You are presented with a wizard (I love wizards) that tells you the upcoming steps. Let’s use it:
Enter a name for the project (not the database or connection). I named mine SQLMigration1. Make sure the last box is set on SQL (for this blog post. You can change this if you are doing other sources).
Click Add Database (or find database, but we know where it is). In the popup, browse to the folder we created and placed the database in, then select it and click Open.
You might at this point receive an error. Reading this error, you can upgrade your connectivity drivers, or you can re-run the program. Mine was running in 32-bit mode (shortcut on desktop). To run in 64-bit mode, go to the file location and double-click the .exe file without the 32 on it.
The default location is:
“C:\Microsoft SQL Server Migration Assistant 2008 for Access\bin\SSMAforAccess.exe”
Repeat the steps and it should complete successfully. Select the items that you are going to import or link (in my case) to SQL. I selected both of the queries and all the tables.
Now type in your destination SQL server information.
Server name: MEMBERSERVER\REPORTING
Server Port: [default]
Authentication: Windows Authentication.
Since there is no database named WIMS in that instance of SQL, the wizards asks about creating it. I select yes.
If you want to link it, check the box. Read the paragraph for more information.
Let the tool run. You will get a popup about metadata, triggers, indexes, etc. Just click ok and let it run.
After it finishes, I have a boatload of errors- so we will send the database back to the creator to fix, but we will continue the process with this database, today.
At this point if you open up the database in access, you should see all of the linked tables. You will also see your database does exist in SQL Management Studio.
Close out Access, and close out SSMA. Save your project. Now backup (copy) your database into the backup folder.
Now browse to your Reporting Server site (http://memberserver/reports).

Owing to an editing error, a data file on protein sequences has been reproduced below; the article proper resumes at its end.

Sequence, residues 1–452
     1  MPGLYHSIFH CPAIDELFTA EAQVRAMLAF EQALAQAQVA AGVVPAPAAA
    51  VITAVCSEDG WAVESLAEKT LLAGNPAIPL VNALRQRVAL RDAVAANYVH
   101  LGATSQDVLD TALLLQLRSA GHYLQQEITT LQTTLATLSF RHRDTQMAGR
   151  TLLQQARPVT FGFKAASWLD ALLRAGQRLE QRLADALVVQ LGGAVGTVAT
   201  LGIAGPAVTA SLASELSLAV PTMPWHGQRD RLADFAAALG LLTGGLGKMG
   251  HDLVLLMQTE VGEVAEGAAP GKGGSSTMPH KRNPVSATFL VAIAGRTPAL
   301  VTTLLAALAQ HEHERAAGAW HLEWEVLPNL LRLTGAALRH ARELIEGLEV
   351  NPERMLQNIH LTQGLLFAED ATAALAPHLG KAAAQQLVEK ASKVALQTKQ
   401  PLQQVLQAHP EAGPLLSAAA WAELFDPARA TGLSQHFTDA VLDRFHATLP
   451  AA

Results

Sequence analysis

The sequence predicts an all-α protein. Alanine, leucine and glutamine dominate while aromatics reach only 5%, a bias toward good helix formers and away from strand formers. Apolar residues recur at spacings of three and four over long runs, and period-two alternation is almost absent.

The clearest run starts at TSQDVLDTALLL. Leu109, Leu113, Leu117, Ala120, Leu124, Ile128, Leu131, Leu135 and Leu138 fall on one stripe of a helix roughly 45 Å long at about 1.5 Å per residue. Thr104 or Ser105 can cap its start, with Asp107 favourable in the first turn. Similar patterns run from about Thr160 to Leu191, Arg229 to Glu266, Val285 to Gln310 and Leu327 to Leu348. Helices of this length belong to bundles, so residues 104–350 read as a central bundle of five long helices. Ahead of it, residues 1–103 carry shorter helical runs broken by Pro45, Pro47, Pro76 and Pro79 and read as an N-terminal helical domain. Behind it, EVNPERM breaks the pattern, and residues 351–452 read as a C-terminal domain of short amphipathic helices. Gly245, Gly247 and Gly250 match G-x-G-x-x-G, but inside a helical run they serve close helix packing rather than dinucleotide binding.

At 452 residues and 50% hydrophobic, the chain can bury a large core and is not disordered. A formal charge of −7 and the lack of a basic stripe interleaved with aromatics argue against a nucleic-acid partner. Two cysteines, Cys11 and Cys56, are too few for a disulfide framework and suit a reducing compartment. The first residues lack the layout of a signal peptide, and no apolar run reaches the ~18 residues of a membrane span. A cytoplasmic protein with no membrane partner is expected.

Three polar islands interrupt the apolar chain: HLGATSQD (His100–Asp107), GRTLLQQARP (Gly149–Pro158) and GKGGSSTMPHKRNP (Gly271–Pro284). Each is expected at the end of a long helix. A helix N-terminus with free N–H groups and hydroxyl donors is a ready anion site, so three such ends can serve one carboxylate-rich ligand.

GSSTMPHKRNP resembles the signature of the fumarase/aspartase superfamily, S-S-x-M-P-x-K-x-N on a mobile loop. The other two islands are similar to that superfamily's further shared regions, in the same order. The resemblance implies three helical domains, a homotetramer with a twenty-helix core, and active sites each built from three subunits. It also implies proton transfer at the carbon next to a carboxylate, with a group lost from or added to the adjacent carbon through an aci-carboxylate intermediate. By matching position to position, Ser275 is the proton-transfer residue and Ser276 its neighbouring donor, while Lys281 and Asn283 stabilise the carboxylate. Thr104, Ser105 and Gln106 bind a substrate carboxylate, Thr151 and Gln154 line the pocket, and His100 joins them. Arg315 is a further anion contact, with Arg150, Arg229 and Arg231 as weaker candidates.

I have created a few folders here, do not mind them. On the link bar in the middle of your screen click New Data Source.
Now customize this page to fit your set up. Here is a link on how to create the connection string portion. the security will be of your own choosing, I use Windows Integrated.
When you are finished, Test it (you will see a green success or a red error message), then click Ok.
You will then see an icon for the Database on your home view- oops! I do not want users to see that. click the little arrow next to the database, select manage. check the box for hide in tiled view and click apply changes, then navigate to home again.
Now click on Report Builder, and get to making your reports. I will get into that in my next post, mostly because I do not know how to use the tool well as of yet.
Now we are going to split our linked Access Database into a front and back-end. We will leave the back end in the shared folder, and distribute the front end. when users make changes to the front end, they trickle down to the back-end, which replicates to SQL, and is then displayed in your reporting.
Open up your Access database. Click on Database Tools Ribbon, and then select Move Data > Access database.
Select Split Database. Save it, I typically leave the default formatting alone- which is to add _be (back-end) to the file name. This is the file you leave alone. you now give out copies of the original file for people to access the database.
You can make this a compiled project by saving it as accde, in the file menu> Save and Send, then save as ACCDE.